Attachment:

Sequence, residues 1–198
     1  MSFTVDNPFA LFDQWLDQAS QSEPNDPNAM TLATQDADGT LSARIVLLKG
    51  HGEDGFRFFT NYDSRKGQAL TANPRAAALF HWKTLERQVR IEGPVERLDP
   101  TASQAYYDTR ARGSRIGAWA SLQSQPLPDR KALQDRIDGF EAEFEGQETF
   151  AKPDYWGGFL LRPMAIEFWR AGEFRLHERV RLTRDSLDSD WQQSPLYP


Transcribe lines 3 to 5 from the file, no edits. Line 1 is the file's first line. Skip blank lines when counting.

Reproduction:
    51  HGEDGFRFFT NYDSRKGQAL TANPRAAALF HWKTLERQVR IEGPVERLDP
   101  TASQAYYDTR ARGSRIGAWA SLQSQPLPDR KALQDRIDGF EAEFEGQETF
   151  AKPDYWGGFL LRPMAIEFWR AGEFRLHERV RLTRDSLDSD WQQSPLYP